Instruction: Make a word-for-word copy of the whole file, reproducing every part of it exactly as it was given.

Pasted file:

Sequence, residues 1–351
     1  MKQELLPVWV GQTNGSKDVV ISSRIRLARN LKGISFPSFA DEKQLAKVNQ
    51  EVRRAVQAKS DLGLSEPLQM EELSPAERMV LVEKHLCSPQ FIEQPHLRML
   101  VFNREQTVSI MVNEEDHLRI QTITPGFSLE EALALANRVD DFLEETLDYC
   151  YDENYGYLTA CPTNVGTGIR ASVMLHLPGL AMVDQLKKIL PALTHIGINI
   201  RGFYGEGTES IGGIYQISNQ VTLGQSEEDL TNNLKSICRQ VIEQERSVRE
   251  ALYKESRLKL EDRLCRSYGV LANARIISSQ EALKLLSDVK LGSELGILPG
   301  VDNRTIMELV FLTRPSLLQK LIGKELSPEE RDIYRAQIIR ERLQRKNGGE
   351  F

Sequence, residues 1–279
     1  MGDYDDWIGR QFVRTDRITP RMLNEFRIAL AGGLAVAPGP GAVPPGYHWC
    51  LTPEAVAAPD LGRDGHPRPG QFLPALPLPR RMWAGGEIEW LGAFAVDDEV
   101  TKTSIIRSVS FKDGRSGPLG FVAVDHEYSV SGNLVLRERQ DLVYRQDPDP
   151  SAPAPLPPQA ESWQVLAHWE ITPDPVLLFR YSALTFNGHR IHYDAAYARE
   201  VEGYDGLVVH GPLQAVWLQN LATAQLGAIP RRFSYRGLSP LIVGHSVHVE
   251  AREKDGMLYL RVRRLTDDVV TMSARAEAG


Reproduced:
Sequence, residues 1–351
     1  MKQELLPVWV GQTNGSKDVV ISSRIRLARN LKGISFPSFA DEKQLAKVNQ
    51  EVRRAVQAKS DLGLSEPLQM EELSPAERMV LVEKHLCSPQ FIEQPHLRML
   101  VFNREQTVSI MVNEEDHLRI QTITPGFSLE EALALANRVD DFLEETLDYC
   151  YDENYGYLTA CPTNVGTGIR ASVMLHLPGL AMVDQLKKIL PALTHIGINI
   201  RGFYGEGTES IGGIYQISNQ VTLGQSEEDL TNNLKSICRQ VIEQERSVRE
   251  ALYKESRLKL EDRLCRSYGV LANARIISSQ EALKLLSDVK LGSELGILPG
   301  VDNRTIMELV FLTRPSLLQK LIGKELSPEE RDIYRAQIIR ERLQRKNGGE
   351  F

Sequence, residues 1–279
     1  MGDYDDWIGR QFVRTDRITP RMLNEFRIAL AGGLAVAPGP GAVPPGYHWC
    51  LTPEAVAAPD LGRDGHPRPG QFLPALPLPR RMWAGGEIEW LGAFAVDDEV
   101  TKTSIIRSVS FKDGRSGPLG FVAVDHEYSV SGNLVLRERQ DLVYRQDPDP
   151  SAPAPLPPQA ESWQVLAHWE ITPDPVLLFR YSALTFNGHR IHYDAAYARE
   201  VEGYDGLVVH GPLQAVWLQN LATAQLGAIP RRFSYRGLSP LIVGHSVHVE
   251  AREKDGMLYL RVRRLTDDVV TMSARAEAG